The goings of Middle Earth have been occupying my thoughts as of late, what with The Hobbit: The Battle of the Five Armies hitting the box office last month.
There’s a scene in which Galadriel attempts to rescue Gandalf from the clutches of the Necromancer/Sauron, only to get cornered by the Witch-King of Angmar and his Nazgul. She is then in turn aided by old bird-poop McCoy, Radagast the Brown and Elrond “Isildur, cast the ring into the fire!” of Rivendell. In that moment, I pondered. Hmm, is this the first time Elrond and Galadriel have appeared together on screen? I wonder if he’s gonna call her ‘Mother.’ Wait, or is it mother-in-law?
Either way, I made a mental note to myself, to check it on The Encyclopedia of Arda when I got home.
Encyclopedia of Arda? What the hell is that?
Well, it’s an online database with both wide and deep knowledge of the Tolkien-verse.
Cool, but why is it called the Encyclopedia of Arda? I thought The Lord of the Rings took place in Middle Earth?
Yes, that’s correct, the events chronicled in The Lord of the Rings take place in Middle Earth. But, unbeknownst to many, Middle Earth is only one region of a world called Arda. Much like Ansalon on Krynn, or Asia on IRL Earth. Hence: The Encyclopedia of Arda.
The Encyclopedia of Arda was created in 1997 by a man named Mark Fisher. Like a great many of websites back then, it was created as a tribute to a specific fandom, in this case, the works of J.R.R. Tolkien.
How’d I find out about it? Well, back in 1998 I was a whirling dervish of reading. I had always been a voracious reader, but playing D&D had turned me into a fanatic. Often, in the final section of TSR’s Complete Handbook series (e.g. The Complete Paladin’s Handbook or The Complete Psionicist’s Handbook), they would have a section called something to the effect of “Recommended Reading,” or “Examples of This Character in Literature,” where they would have a list of literary characters that you might want to check out to get a better idea of how to play a Knight Errant or a Wyrmslayer Paladin. Anyway, it was one of these sections at the end of the Complete Handbooks that turned me on to The Lord of the Rings. For teenage me, it was a bit of a slog, but I had just finished reading Ivanhoe by Sir Walter Scott, so more contemporary English was very welcomed. Once I found my flow with the books, I was hooked.
This brings me to UCI. Being the nerd I am, I would sometimes spend the day at my future alma mater – not to go to parties or look at all the cute college girls, really. I was there checking out the awesome library system, and more importantly, the internet connection. T1 broadband, it was like magic to me. I would spend hours on AltaVista or Infoseek, just searching stuff. “Ooh, I wonder if there’s a website about this,” was my mantra. Of course, I was on a current LOTR kick, so I typed that into the search field and voila, first result: The Encyclopedia of Arda.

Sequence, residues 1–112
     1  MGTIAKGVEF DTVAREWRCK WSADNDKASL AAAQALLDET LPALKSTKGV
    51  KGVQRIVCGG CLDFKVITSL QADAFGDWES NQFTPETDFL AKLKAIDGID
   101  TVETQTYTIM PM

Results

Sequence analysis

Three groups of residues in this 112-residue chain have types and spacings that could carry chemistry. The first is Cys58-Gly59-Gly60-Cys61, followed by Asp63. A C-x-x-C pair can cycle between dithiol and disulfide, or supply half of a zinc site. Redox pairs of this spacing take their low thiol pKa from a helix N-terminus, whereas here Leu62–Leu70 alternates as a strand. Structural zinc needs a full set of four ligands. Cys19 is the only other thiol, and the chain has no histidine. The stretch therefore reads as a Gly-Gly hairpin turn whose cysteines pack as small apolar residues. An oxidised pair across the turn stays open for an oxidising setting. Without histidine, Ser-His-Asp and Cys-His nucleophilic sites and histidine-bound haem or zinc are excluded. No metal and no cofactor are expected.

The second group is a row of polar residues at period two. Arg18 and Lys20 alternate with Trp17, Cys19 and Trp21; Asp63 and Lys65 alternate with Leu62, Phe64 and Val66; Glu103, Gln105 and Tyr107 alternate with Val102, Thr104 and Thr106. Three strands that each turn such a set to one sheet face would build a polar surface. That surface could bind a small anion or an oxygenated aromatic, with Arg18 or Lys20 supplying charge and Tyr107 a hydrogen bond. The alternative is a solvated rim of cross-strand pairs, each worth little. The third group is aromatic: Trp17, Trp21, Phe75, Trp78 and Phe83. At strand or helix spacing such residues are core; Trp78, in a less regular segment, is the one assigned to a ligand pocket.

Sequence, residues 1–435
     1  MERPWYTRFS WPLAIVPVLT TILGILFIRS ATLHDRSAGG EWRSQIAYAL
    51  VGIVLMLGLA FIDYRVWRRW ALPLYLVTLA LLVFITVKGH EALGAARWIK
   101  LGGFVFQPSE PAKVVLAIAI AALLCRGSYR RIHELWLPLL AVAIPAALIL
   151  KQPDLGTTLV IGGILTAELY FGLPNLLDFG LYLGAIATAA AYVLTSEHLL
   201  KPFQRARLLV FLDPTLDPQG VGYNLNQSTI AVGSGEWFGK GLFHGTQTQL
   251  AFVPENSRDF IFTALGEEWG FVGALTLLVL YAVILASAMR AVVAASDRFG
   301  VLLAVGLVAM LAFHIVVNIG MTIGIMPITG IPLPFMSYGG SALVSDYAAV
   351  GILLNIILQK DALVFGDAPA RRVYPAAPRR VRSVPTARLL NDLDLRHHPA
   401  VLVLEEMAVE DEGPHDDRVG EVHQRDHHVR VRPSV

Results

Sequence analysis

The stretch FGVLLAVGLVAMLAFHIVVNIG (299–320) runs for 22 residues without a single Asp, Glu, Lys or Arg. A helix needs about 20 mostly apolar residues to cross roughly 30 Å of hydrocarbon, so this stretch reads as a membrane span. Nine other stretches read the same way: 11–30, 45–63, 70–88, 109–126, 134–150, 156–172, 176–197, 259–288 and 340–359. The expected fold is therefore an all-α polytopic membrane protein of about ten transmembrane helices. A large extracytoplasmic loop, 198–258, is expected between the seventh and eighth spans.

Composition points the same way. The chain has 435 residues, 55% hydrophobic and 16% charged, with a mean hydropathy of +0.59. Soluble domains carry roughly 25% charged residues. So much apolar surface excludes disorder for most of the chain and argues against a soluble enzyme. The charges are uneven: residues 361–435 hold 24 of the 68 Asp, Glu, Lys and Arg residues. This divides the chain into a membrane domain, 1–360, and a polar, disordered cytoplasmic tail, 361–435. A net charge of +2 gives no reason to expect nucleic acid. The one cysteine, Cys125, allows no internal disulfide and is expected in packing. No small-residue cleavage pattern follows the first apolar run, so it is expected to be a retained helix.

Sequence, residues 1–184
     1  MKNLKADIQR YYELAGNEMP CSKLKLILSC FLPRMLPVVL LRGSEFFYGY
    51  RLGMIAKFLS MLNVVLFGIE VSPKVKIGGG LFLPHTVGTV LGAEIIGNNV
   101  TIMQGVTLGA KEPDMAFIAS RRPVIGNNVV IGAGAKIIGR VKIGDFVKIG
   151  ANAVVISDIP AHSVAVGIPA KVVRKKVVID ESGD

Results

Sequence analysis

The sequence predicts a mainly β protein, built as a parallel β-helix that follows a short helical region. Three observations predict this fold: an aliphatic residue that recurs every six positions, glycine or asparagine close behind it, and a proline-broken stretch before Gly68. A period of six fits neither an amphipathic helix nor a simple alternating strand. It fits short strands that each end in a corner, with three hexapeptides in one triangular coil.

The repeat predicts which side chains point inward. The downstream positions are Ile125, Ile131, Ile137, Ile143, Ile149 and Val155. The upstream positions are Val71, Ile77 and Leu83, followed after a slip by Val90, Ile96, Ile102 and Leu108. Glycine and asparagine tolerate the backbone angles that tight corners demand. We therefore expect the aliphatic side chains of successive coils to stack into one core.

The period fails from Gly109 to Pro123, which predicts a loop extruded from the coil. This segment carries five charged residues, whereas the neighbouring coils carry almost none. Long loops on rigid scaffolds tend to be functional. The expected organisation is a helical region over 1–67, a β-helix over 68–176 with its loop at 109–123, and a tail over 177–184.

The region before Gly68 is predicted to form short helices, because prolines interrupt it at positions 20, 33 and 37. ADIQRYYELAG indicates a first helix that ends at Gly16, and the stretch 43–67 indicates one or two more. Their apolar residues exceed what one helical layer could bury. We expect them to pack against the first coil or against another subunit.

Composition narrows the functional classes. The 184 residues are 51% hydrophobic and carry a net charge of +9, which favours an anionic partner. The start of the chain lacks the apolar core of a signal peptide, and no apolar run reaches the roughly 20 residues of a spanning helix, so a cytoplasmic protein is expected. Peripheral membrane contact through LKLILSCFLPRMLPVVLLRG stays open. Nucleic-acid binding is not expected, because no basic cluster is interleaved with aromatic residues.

“Why the hell is a site called The Encyclopedia of Arda the first result on a Lord of the Rings search?” I thought. I clicked on, and my young mind was blown. Tiny bits of figurative grey matter flung helter skelter on the book stacks behind me. The information on LOTR and more, it was all there, in its glorious depth and breadth, in a single neat website. It was like Encarta, but just about the works of Tolkien. It may have been the first website I ever bookmarked.
But, why is The Encyclopedia of Arda so cool?
Well, first off, it’s straight up old skool. It’s a LOTR wiki before WikiMedia was even a thing. It’s a relic from web 1.0 that managed to update its look and keep itself relevant for more than a decade – something you can check out via The Wayback Machine. That’s just snazzy.
Secondly, one feature I find particularly helpful are two images that show in every character entry. 1) A timeline showing their relevant/active timeframe (e.g. Gandalf’s active years were during the later half of the Third Age), and 2)A small pedigree chart, showing who begat who, or who was begotten.
For example, let’s take a look at the entry on Aragorn, King Elessar – whom many of you love from the movies. My, what’s that, oh it’s a timeline and a pedigree, just as I mentioned. So, Aragorn’s life bridged the Third and Fourth ages, and he was the son of Arathorn II and a ranger named Gilraen. And in the leftmost column, what to do we have there? Looks like more information, like race, dates of birth and death, and ooh, a pronunciation key. Magnificent. Yeah, it’s a tad nerdy, I can’t help it.
I mean, even the footnotes section is fascinating, because Fisher goes into detail about some of the possible contentions and sources on the info presented. This was where I found about other Tolkien works/anthology of letters and such, which included books like Unfinished Tales, Lost Tales, and The Silmarillion.
It was through this site that I discovered just how deep what we now call worldbuilding went with Tolkien. From the creation stories, to the creation of languages, the etymologies of words, to the grand myriad of different types of creatures and entities, it’s all pretty darn mind-boggling. Ainur? Valar? Maiar? Eru Illuvatar? The list, it extends. The Encyclopedia of Arda, however, made everything much clearer, especially in an age of Wikipedia-less-ness.
Not saying you have to, but if you’re a Tolkien fan in any capacity, you should probably check it out. Android and iOS apps available, or so I hear.